Self-mutilative behaviors in male veterans with posttraumatic stress disorder.
Self-mutilative behaviors (SMB) were examined in a sample of male veterans with posttraumatic stress disorder (PTSD). The primary objective was to determine the prevalence of SMB and any physical, cognitive, or affective antecedents and correlates for these behaviors. Participants included 509 male veterans with PTSD and levels of PTSD, depression, alcohol use, hostility, and impulsivity were evaluated to determine if these variables were related to SMB. Antecedents and sequelae of SMB were also examined to generate hypotheses regarding the functions of these behaviors. A second type of habit behavior, body-focused repetitive behaviors (BFRB), was also examined as part of the study. Findings indicated that veterans who engaged in either type of habit behavior were younger than those who did not engage in SMB or BFRB. Veterans reporting SMB also reported higher levels of PTSD, depression, hostility, and impulsivity compared to the BFRB and no-habit groups. Examination of habit antecedents and sequelae showed support for the automatic-positive reinforcement function of SMB. These findings are discussed in the context of research and treatment involving male veterans with PTSD who engage in SMB.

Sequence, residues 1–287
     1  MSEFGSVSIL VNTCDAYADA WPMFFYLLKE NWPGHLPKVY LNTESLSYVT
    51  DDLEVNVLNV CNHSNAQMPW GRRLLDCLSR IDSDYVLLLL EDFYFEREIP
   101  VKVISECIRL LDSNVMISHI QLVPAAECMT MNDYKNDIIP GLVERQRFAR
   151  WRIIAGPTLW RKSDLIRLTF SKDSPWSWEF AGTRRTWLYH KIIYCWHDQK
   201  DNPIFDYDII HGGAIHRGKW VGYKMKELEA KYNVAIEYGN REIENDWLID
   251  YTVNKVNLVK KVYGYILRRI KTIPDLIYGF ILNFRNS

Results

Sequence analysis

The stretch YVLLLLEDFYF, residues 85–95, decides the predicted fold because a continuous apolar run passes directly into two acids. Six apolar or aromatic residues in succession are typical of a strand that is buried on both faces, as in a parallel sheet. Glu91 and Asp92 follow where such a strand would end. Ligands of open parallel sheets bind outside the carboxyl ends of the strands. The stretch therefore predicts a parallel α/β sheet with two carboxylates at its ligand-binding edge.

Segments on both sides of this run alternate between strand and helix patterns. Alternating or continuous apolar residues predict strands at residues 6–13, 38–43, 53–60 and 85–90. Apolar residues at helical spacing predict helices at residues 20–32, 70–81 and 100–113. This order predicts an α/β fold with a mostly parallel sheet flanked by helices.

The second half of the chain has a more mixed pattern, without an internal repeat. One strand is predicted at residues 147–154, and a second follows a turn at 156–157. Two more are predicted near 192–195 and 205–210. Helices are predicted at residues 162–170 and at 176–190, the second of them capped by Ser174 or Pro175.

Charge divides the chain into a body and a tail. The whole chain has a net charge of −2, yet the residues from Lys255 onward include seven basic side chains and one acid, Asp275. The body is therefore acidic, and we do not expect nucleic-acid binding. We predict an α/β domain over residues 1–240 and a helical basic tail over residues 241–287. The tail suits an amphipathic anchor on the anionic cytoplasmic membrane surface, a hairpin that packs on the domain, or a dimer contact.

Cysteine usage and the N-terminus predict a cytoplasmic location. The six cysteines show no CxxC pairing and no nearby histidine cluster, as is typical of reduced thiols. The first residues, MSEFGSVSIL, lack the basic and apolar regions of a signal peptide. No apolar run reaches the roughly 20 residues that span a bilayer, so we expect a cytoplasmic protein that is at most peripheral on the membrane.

Sacks, MB; Flood, AM; Dennis, MF; Hertzberg, MA; Beckham, JC
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